Cybercriminals are always developing new methods. Here’s what one group of experts predicts they’ll be turning to next year.
These are the 10 trends security firm Panda Labs is expecting to see in 2011:
- Malware creation — Panda Labs discovered more than 20 million new malware strains in 2010. Even if 2011’s activity doesn’t reach quite that high, expect antivirus programs to continue struggling to keep up with new malware.
- Cyber war — A few attacks from this past year have shown hacking is increasingly being used as a tool in international conflict, and increased sophistication in these attacks could have a big impact for businesses, especially when it comes to e-commerce.
- “Hacktivism” — The use of web attacks as a form of protest made the news recently when supporters of the Wikileaks hacked the networks of some large companies that had taken actions against the site. Panda expects these types of attacks to grow in popularity.
- Social engineering — As security tools have become stronger, hackers have turned more to a different way of getting information they want – tricking people into turning it over. Especially as more folks use Facebook and other social networking sites that seem tailor-made for fraud, social engineering attacks will more frequently be used as a way around security controls.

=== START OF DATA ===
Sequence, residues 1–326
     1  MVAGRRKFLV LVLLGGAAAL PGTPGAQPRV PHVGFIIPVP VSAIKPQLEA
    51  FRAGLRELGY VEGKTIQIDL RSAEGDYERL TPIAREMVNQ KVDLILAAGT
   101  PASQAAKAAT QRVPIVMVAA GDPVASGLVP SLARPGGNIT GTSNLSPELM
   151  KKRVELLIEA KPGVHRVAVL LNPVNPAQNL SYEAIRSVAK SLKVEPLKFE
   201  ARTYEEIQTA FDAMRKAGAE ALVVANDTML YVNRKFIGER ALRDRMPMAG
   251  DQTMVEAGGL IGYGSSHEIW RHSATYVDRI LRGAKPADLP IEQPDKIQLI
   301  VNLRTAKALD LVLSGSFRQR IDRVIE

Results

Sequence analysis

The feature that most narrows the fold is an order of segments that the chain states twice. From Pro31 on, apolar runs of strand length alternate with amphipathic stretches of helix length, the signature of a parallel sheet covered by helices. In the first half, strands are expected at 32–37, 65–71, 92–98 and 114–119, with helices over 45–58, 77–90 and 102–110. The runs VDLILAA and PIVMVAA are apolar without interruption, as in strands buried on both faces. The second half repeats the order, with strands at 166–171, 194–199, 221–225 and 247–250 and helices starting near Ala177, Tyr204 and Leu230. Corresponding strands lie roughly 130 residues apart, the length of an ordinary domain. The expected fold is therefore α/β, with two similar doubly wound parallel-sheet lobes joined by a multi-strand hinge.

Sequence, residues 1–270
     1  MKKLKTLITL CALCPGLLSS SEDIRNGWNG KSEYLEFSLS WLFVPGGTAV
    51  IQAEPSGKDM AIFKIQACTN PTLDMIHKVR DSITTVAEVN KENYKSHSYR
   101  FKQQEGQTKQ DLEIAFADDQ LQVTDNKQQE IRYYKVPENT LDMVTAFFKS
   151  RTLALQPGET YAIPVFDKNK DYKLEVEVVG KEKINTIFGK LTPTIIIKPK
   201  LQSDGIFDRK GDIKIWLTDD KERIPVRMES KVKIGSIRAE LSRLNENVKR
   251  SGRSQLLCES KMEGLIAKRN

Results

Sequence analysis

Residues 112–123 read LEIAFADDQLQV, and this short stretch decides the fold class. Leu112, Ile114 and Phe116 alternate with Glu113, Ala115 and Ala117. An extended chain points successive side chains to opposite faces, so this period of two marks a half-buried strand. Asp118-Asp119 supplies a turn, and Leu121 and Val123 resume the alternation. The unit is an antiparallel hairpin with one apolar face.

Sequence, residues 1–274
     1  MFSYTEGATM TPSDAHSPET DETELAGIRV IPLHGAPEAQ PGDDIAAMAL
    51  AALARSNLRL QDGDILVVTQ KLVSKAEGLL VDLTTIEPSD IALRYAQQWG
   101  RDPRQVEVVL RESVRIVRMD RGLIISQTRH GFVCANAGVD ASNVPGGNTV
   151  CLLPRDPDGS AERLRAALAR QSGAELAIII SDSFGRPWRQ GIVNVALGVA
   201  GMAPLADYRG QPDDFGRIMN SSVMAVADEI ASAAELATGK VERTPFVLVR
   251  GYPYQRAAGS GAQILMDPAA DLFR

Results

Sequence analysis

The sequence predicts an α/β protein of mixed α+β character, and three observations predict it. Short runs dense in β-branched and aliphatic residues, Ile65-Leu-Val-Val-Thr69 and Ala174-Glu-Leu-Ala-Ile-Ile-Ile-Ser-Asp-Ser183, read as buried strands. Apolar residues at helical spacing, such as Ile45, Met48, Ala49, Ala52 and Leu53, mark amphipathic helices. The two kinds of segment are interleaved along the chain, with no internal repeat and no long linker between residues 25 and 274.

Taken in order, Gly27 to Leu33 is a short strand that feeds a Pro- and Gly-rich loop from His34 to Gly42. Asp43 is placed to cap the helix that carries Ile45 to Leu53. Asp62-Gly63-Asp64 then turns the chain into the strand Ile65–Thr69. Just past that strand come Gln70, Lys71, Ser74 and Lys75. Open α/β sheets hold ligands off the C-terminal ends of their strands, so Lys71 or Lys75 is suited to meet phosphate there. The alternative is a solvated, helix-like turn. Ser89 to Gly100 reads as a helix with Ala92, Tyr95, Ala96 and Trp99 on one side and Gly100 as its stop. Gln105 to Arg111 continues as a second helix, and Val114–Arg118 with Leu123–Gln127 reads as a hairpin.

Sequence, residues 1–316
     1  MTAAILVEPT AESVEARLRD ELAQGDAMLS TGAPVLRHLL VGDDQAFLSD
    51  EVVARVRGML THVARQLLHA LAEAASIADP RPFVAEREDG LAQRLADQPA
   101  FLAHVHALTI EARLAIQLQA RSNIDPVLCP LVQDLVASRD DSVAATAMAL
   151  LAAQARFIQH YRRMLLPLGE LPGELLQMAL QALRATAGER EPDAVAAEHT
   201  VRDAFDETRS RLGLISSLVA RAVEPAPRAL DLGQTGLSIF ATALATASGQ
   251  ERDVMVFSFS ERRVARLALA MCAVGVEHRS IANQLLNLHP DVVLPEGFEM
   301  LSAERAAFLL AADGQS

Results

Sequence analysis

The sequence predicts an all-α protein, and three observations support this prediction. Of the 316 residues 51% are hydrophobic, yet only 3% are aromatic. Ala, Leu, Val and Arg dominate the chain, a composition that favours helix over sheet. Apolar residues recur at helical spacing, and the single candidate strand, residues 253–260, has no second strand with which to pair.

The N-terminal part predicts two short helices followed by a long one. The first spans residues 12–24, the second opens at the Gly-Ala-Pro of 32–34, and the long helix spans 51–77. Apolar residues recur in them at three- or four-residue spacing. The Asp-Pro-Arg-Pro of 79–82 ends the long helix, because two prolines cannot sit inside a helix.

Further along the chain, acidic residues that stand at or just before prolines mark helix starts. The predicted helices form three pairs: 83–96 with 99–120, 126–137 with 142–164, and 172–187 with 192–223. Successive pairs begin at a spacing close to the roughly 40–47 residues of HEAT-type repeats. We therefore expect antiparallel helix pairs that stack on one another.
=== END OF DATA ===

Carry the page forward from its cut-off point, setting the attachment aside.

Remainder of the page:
- Malware targeting Windows 7 — When Windows 7 was released, Panda estimated it would take about two years before we would see a lot of viruses designed for the new OS. That means Win7 malware should start gaining steam in 2011.
- Smartphone hacks — As more people use smartphones, it becomes more economical for hackers to find ways to attack them. That means it’s only a matter of time before smartphone malware becomes commonplace.
- Tablet attacks — As competitors to the iPad enter the market, we could start to see attacks specifically directed at tablet computers. They won’t reach a large scale, however, Panda says.
- Mac attacks — Malware for Macs has always existed. And as Apple’s market share continues to grow, attacks on their computers will become more common, and that trend won’t stop in 2011.
- HTML5 — Designed to replace Flash, HTML5 can be run by browsers without any plug-ins. That will make it possible to design attacks that work no matter what browser a user is running. Expect hackers to be working on it.
- Highly encrypted attacks — Sophisticated malware is nothing new, but Panda has warned that it has come across more and more encrypted and stealth attacks, and attacks designed for specific organizations.